Today’s chart of the day comes courtesy of JATO Dynamics and Automotive News Europe, showing last year’s C segment car sales in Europe (click to enlarge).
While ANE reported the data in the context of the Volkswagen Golf’s (undeniable) dominance of the C-segment, the remaining data provides a lot of insight into the global automotive landscape.
- Per JATO, Ford sold about 223,000 units of the Focus in Europe last year – but in the United States alone, they sold 234,570. What does that say about the strength and size of the American market (where compacts are a big segment, but dwarfed by mid-size sedans, pickup trucks and CUVs), or the relative smallness of Europe’s market, which has substantially more brands and nameplates vying for a smaller piece of the pie
- Vauxhall/Opel may be struggling to stay afloat, but the Astra is a perpetually strong seller for the brand, while the Chevrolet Cruze doesn’t even rank in the top 10. Then again, the different Golf variants (SEAT Leon, Skoda Octavia) are absent too.
- Both Toyota and Honda have a lower profile in Europe than in America, but the Auris seems to have resonated strongly with European consumers. Not only is it beating the Peugeot 308 and Citroen C4, but also the Hyundai i30 (Elantra GT) and Kia Cee’d, which have been giving VAG a fright in key markets like the Czech Republic, as well as winning critical acclaim from the European motoring press. The Civic languishes in 10th place, selling about 50,000 units. You can bet that Nissan is looking to pick it off as it prepares to ramp up its own C-segment entrant.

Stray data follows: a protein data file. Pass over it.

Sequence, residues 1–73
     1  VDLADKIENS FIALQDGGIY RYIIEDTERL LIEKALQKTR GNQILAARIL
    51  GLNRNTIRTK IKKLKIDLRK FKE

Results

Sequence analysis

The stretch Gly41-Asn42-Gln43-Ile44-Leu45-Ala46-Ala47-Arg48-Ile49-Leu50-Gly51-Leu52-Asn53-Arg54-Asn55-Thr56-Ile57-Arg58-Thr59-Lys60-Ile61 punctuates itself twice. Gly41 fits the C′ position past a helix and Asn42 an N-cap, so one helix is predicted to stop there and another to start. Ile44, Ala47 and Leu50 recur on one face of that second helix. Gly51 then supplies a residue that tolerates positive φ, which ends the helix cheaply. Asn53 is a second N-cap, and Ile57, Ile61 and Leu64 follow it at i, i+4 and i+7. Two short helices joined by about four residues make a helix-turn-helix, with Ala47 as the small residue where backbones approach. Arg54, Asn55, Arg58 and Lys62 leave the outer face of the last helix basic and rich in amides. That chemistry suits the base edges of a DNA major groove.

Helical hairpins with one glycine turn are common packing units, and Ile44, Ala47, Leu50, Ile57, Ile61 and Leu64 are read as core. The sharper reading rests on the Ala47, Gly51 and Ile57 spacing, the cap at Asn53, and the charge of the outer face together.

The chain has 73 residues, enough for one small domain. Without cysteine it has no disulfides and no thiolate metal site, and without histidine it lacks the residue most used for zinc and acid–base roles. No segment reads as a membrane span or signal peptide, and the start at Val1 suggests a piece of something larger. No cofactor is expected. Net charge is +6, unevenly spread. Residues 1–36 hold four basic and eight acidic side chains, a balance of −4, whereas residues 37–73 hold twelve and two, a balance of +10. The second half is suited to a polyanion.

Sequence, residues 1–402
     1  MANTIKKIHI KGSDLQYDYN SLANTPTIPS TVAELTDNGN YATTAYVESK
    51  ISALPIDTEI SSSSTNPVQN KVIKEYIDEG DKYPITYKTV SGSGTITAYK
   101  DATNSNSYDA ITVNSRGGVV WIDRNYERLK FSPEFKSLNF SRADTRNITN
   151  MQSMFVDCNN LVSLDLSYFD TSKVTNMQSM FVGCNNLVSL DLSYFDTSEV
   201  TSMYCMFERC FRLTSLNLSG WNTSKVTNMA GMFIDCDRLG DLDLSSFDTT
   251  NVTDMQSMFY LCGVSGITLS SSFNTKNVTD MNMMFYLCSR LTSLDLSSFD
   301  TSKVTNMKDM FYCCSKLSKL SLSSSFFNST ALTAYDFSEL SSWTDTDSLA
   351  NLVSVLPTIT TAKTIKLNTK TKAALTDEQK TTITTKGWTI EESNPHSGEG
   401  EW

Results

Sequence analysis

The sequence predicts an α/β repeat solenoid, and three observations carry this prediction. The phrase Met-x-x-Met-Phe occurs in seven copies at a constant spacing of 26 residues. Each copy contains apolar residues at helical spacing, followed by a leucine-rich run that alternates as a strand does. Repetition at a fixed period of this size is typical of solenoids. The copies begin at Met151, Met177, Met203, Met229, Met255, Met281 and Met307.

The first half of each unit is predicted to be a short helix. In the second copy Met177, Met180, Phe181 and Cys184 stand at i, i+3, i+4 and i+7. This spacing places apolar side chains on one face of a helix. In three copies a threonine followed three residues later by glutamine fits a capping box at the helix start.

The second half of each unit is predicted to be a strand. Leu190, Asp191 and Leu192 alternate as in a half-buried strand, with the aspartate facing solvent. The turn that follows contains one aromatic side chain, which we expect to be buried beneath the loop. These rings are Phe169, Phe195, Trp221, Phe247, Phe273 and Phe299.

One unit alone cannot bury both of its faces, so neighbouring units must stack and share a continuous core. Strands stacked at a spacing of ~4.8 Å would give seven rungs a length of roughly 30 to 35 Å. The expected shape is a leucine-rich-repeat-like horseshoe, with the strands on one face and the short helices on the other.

- Combined sales of the PSA twins (Peugeot 308 and Citroen C4) add up to about 178,000 units, while Hyundai and Kia’s combined sales equal about 185,000 units. Would you have expected this to happen a decade ago? If anything, it shows why the blogosphere talk of PSA returning to America is bunk (nevermind that it was merely wish fulfillment based on comments by CEO Carlos Tavares taken out of context). PSA doesn’t even have their house in order at home. They aren’t going to spend billions to return to a market that likes to buy the kind of products they don’t build.
- Back to the Auris. It’s coming here as a Scion. And it’s supposed to be a great driving car. On the other hand, there won’t be a Toyota-badged car to replace the Matrix.